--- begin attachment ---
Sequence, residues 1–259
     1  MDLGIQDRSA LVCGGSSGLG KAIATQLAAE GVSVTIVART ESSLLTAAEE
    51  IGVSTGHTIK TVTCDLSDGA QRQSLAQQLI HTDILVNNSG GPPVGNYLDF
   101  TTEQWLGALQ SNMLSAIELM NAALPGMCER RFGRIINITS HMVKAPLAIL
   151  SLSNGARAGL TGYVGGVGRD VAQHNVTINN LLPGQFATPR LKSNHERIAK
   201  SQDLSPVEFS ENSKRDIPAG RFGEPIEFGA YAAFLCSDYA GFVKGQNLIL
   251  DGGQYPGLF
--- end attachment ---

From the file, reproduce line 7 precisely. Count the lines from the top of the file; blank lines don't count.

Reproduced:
   251  DGGQYPGLF